International

 

Shalom from Ben Gurion airport!

After waking up early and working our way through the airport, we are now just one-step away from boarding.

We all are tired but very excited to start our trip and explore the history and the culture of the Czech Republic.

I will be in touch soon,
Shay-El

 

Czech Republic – Day One

Shalom Parents,

We just got back to the hotel after a busy and incredible day! Tali and I are enjoying spending this time with your children and seeing the excitement on their faces at every turn. We can hardly believe how much we have already packed into one day!

Our trip began bright and early… Scratch that. It wasn’t bright out at all when we headed to the airport at 4:00am for our 7:30am flight to Prague. Despite the ungodly hour, everyone was a trooper with such good energy! The flight was uneventful as we all slept, and when we arrived in Europe, everyone was ready to hit the ground running.

After dropping our luggage off at the hotel, which is located in the most central area of Prague, close to the Old Town Square and the Jewish Quarter, we headed out to explore this beautiful city. Walking towards the river, we were wide-eyed as we took in the incredible architecture around us. The colors really stood out for many of us. Walking down an average street, adjacent apartment buildings were often shades of light colors such as orange, yellow, blue, and green. Reaching the Vltava River, we caught our first glimpses of the Castle, the Charles Bridge, and the unbelievable scenery. After lunch on a riverboat, we met our first tour guides who were ready with electric scooters and a tour of the western side of the river.

The electric scooter tour was great fun and allowed us to make our way to some incredible viewpoints from where we could see the whole city. We started at Petrin Hill, and as the path wound its way around the park, Simon showed off his bike skills riding downhill and around turns at great speed. The scooters we rode are essentially bicycles but with a platform to stand on where the pedals usually are. They are powered by a battery and probably don’t go more than 20mph, so I can only imagine the cool tricks we could do on an actual mountain bike!

At the top of Petrin Hill, we had an up-close view of the mini Eiffel Tower, which is actually two meters higher than the real Eiffel Tower… if you include the mountain it sits on as part of your measurements. Riding to an even higher vantage point, we reached the Strahov Stadium, which was constructed in the late 1920’s, it is the largest stadium and the fourth largest sports venue ever built. It has a capacity of 220,000! It is HUGE!!! Unfortunately, the stadium has never been filled to capacity, and instead it is now divided into smaller sections and used as a practice space for the Czech national soccer team.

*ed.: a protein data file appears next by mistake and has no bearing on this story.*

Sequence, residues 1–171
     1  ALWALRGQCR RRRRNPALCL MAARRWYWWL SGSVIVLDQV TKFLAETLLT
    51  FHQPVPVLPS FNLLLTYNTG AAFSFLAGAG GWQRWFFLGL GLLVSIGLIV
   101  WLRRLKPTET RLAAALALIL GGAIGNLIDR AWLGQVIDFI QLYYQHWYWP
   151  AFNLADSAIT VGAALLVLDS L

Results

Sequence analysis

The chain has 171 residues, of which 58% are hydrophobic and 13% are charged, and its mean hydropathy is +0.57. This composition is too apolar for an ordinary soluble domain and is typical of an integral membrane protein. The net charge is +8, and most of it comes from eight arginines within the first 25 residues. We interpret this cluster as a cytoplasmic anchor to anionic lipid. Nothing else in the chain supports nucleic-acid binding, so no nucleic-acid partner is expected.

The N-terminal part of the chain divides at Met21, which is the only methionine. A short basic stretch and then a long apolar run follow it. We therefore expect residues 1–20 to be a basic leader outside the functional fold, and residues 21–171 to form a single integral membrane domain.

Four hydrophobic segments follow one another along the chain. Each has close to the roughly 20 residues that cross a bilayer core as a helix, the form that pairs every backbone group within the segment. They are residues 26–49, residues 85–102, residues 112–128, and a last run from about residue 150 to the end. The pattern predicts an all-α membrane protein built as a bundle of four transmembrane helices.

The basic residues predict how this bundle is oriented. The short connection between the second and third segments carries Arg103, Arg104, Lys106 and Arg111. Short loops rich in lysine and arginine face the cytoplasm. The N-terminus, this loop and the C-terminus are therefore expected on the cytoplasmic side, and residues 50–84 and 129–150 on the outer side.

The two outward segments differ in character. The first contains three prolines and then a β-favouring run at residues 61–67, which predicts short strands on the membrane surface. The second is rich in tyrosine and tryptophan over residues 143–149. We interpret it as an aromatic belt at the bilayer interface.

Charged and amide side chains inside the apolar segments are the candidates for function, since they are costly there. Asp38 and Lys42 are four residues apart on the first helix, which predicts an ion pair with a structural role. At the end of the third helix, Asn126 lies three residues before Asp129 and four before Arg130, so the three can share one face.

Next, we went to the Strahov Monastery, which was established in 1143 and is quite famous for an unexpected reason. The monks brew a very special beer, which is available for sale at the Monastery (and only there.) Dating back to at least the 13th century, this beer has been produced at Strahov Monastery for over seven hundred years. As you may know, beer is a pretty significant part of Czech culture, but we were still a little surprised to see that it is cheaper than water on the menus!

Moving on from the Monastery, we rode our scooters down through the gardens and over to the Prague Castle. We made our way past some countries’ embassies and we stopped at the John Lennon Wall just past the French embassy. Once a normal wall, since the 1980s it has been filled with John Lennon-inspired graffiti and parts of the lyrics from Beatles’ songs. In 1988, the wall was a source of irritation for the communist regime, as young Czechs would write their grievances on it. Despite several attempts to paint over the wall and stop the graffiti, the wall today is a symbol of ideas such as love and peace. As you can imagine, the whole scooter tour was informative, interesting, and really enjoyed by us all, despite the cold.

After we had finished our scooter tour, we headed back to our hotel to rest a bit and prepare for our unique dinner. We stepped back in time and entered a medieval tavern complete with music and entertainment. The sword fighters and the dancers twirling fire were a true spectacle, but I think that the highlight of the show was the cameo role the students coerced me into.

In all seriousness, your children are a pleasure to travel with, and they are taking advantage of every moment on this incredible trip.

That is all for the first day. We all are looking forward to our new adventures tomorrow.

Layla Tov (Goodnight) from Praha,

Shay-El

 

Czech Republic – Day Two

Shalom Parents,

Wow! What a day we had today! Lots to tell you about, so here we go:

We woke up early in the morning and started our day at the Jewish quarter. We explored the Jewish Museum of Prague, which is spread throughout several synagogues and other important locations in the Jewish Quarter. In the Maisel Synagogue, in addition to marveling at the beauty of the building and its aron kodesh, we looked at displays about the history of the Jews of Bohemia and Moravia. The Pinkas Synagogue was built in 1535 and now serves as a memorial to the thousands of Czech Jews who perished in the Holocaust. The names of the nearly 80,000 Jewish victims from Bohemia and Moravia are inscribed on the walls. It is a powerful site to see. Each name is recorded along with the date of birth and date of death.

Next we visited the Jewish cemetery, which is among the oldest surviving Jewish burial grounds in the world. Right before entering the place, we saw a blessing in Hebrew. The students were curious about the meaning and wanted to practice their Hebrew. After a short discussion, we said the blessing and entered the place: